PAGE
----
Publications and Research

Document Type


Publication Date

Spring 5-3-2018


The Urban Oasis is designed to work within existing “pocket parks” in New York City as a combined rainwater collector, personal electronics charging station and resting designation for New Yorkers. Intended to not only lessen the demand on the city power grid by using renewable energy to charge devices, the urban oasis is also intended to mitigate grey water overfill in New York’s combined sewer system and, in general, serve as a model for responsible environmental stewardship in urban areas.

The important technical aspects of the canopy specifically analyzed were:

a) how much rainwater could the canopy be expected to collect per operating season

b) what the optimal solar panel angle based off of New York’s specific geographical location was to maximize solar collection and

c) how many full device charges could be expected per operating day. Information was gathered from various local and state organizations. The first prototype is constructed of locally sourced lumber and was assembled by hand using power and hand tools.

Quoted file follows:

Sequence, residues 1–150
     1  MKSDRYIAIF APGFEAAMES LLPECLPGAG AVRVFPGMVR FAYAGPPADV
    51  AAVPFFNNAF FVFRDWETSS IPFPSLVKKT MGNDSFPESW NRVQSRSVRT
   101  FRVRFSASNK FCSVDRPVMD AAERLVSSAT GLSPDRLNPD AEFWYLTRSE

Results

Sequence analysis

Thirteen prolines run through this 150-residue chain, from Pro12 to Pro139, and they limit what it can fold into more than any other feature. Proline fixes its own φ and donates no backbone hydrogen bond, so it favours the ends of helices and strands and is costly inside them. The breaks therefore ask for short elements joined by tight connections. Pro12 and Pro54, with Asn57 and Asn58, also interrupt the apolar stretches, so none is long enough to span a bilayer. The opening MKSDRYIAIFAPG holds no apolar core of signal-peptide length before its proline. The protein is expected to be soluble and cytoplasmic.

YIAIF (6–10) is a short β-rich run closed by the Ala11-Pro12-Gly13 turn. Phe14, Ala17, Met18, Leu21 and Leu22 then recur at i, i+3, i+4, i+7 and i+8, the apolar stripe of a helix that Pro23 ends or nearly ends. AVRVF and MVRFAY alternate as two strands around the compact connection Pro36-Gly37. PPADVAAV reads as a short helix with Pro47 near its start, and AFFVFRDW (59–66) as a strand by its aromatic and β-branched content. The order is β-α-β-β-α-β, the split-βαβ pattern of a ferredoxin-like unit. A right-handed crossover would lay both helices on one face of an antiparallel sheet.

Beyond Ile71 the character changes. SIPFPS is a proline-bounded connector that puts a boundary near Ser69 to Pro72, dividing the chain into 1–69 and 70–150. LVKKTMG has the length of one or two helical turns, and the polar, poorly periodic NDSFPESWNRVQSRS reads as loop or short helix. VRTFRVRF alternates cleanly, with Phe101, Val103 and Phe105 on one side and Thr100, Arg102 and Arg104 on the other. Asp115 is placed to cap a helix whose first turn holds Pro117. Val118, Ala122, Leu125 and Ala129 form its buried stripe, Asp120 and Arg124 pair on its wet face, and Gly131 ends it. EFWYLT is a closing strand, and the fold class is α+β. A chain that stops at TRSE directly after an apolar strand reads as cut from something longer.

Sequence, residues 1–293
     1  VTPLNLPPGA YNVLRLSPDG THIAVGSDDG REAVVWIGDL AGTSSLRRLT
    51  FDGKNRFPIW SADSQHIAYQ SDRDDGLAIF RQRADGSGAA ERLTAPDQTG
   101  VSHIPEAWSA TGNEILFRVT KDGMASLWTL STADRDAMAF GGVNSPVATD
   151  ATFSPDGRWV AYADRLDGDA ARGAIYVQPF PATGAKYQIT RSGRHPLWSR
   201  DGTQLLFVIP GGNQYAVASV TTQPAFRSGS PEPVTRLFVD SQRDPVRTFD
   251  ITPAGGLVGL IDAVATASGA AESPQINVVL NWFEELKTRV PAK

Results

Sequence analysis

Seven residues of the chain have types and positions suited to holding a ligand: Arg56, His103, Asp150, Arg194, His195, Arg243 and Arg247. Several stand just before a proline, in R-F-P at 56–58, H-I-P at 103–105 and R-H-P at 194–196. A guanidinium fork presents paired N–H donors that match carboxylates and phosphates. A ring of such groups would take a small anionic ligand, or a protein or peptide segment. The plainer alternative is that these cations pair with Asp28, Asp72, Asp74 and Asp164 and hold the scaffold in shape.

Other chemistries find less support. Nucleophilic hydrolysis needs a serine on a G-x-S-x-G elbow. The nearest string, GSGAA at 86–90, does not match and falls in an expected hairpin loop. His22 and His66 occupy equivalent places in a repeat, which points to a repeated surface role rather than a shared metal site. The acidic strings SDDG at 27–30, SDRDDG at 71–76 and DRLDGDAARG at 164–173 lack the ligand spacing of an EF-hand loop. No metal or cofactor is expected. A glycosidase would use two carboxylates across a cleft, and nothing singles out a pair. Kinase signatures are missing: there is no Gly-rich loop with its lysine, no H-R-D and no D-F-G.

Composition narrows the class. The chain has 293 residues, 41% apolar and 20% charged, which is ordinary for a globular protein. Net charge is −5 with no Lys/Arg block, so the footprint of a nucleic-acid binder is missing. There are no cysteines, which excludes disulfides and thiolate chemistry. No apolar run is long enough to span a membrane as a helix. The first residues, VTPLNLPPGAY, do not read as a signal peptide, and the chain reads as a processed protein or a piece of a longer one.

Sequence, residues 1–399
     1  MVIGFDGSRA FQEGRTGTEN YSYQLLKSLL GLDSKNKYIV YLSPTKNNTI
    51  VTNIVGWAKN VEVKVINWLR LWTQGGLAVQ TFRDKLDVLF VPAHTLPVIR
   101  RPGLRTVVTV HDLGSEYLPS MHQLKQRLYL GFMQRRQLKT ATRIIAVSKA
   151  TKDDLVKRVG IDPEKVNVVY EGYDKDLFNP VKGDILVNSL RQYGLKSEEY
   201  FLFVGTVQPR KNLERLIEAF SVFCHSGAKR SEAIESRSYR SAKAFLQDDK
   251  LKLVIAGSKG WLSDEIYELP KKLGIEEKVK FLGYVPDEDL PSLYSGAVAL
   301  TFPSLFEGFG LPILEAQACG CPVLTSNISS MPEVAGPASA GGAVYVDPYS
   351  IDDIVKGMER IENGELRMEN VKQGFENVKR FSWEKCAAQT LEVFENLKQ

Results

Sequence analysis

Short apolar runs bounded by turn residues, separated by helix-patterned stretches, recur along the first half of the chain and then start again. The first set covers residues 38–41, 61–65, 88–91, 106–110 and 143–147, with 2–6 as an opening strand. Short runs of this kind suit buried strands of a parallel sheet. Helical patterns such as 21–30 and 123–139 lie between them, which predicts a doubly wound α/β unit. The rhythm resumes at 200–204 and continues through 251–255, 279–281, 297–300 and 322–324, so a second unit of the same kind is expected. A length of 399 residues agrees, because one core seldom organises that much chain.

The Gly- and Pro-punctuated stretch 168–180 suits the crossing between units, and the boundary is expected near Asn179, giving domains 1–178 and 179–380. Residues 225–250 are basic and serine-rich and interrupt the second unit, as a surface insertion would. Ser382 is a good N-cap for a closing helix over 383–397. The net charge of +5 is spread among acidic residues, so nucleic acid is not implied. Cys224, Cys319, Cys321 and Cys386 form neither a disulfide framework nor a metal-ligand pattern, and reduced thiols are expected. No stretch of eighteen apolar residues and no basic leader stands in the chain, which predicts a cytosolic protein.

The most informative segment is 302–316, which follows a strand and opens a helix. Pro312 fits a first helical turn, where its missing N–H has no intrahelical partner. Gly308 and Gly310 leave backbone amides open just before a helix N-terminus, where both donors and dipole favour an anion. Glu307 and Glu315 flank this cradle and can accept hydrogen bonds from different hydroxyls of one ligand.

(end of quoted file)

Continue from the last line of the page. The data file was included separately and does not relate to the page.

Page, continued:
Based off of historical rainfall data taken from National Oceanic and Atmospheric Administration (NOAA) as well as the design square footage of the canopy, expected total annual rainfall collection was calculated to be 311 gallons. Using sun angle calculations taken from existing solar charts and averaging optimal angles across each month, it was determined that a fixed angle of 60° would be optimal for solar collection. Based off of the specs of the specific solar panel being used and using research from existing sources of information on solar panels, the urban oasis is expected to produce 147 watt hours per day (which approximates as about 27 cellular phone charges per day.)

The density of the material being used has necessitated design changes to aid in its structural stability. Additionally, New York City specific code is still being researched and experts are being consulted to determine the legal hurdles still to overcome and long term viability of the project existing in a public space.


This poster was presented as the 28th Semi-Annual Honors and Undergraduate Research Scholars Poster Presentation at New York City College of Technology, May 2, 2018 and at the ECOFest April 2018.

Ecofest1.pptx (5329 kB)